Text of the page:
Senator Clinton has an estimated 43 percent of the delegates required to secure the Democratic nomination. That is about 80 delegates more that Barack Obama, depending on who is counting.
There are other contest coming up fast in states like Louisiana and Obama is expected to be strong in those states.
Clinton won among women, older voters, Hispanics and the less affluent, according to exit polls.
"Politics isn't a game. It's not about who is up or who is down, it is about your lives, your families and your futures. It is about the people who have shared their lives with me. It's about people looking for solutions, like the mother whose insurance company will not pay for her child's treatment; or the couple so determined to send their daughter to college and willing to mortgage their home with a second sub-prime mortgage," said Clinton.
The exit polls indicate a record Hispanic turnout in California. It is reported that 69 percent of those Hispanics voted for Clinton.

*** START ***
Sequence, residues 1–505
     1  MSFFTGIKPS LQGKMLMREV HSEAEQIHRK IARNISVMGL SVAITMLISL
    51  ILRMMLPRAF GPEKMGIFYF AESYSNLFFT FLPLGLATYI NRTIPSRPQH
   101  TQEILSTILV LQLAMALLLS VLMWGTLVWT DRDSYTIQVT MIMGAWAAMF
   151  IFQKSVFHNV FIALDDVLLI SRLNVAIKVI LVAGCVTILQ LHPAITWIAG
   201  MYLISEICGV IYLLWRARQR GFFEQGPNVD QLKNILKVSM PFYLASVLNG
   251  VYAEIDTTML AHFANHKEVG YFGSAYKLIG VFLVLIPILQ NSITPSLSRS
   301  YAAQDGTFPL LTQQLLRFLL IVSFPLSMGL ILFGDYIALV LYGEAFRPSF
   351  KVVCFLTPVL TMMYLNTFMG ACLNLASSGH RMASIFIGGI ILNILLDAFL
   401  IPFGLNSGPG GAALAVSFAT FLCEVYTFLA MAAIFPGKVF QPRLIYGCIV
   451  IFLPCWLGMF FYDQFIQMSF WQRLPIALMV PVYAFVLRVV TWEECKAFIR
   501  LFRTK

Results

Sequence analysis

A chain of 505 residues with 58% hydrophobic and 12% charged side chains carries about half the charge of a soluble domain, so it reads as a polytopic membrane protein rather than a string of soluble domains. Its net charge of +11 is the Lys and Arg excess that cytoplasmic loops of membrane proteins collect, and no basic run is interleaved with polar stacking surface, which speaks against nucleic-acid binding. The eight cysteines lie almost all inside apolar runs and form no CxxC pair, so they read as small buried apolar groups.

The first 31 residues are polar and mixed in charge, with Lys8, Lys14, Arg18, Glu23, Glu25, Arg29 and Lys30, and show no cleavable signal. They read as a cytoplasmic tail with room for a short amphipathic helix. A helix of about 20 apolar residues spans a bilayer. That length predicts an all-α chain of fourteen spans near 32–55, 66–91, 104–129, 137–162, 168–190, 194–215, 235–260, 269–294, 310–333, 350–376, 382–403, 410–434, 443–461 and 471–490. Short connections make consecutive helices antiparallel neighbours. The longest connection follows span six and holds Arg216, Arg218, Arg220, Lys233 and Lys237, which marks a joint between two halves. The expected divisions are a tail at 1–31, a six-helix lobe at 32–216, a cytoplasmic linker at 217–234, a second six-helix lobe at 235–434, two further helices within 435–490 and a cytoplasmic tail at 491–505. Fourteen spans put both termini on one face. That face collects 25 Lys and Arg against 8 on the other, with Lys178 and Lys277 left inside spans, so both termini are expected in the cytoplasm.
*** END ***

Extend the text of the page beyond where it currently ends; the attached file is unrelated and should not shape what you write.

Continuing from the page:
Her opponent had overwhelming support from black voters and white men. Women nationally accounted for 57 percent of all Democratic primary voters. Clinton also did well among seniors winning by a 13 percent margin over Obama.
Clinton is now appealing to voters of all ages.
"Give us this economy to rebuild and this war to end. Give us this nation to heal and this world to lead and this moment to cease," said Clinton.
Clinton wants four debates between now and the end of this month. She's done well in the debates, and hopes to do well again.